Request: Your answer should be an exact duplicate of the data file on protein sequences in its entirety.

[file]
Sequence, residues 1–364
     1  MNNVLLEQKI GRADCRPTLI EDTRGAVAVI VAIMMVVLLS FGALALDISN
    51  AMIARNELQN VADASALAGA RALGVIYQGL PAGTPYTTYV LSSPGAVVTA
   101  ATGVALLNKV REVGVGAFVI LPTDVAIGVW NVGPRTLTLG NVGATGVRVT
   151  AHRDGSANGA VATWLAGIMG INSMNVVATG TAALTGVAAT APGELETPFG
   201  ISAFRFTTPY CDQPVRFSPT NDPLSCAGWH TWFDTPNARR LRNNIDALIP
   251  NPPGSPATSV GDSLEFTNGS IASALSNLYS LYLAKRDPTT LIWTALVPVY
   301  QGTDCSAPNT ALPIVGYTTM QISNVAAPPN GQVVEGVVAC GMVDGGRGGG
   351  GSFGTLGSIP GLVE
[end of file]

Sequence, residues 1–364
     1  MNNVLLEQKI GRADCRPTLI EDTRGAVAVI VAIMMVVLLS FGALALDISN
    51  AMIARNELQN VADASALAGA RALGVIYQGL PAGTPYTTYV LSSPGAVVTA
   101  ATGVALLNKV REVGVGAFVI LPTDVAIGVW NVGPRTLTLG NVGATGVRVT
   151  AHRDGSANGA VATWLAGIMG INSMNVVATG TAALTGVAAT APGELETPFG
   201  ISAFRFTTPY CDQPVRFSPT NDPLSCAGWH TWFDTPNARR LRNNIDALIP
   251  NPPGSPATSV GDSLEFTNGS IASALSNLYS LYLAKRDPTT LIWTALVPVY
   301  QGTDCSAPNT ALPIVGYTTM QISNVAAPPN GQVVEGVVAC GMVDGGRGGG
   351  GSFGTLGSIP GLVE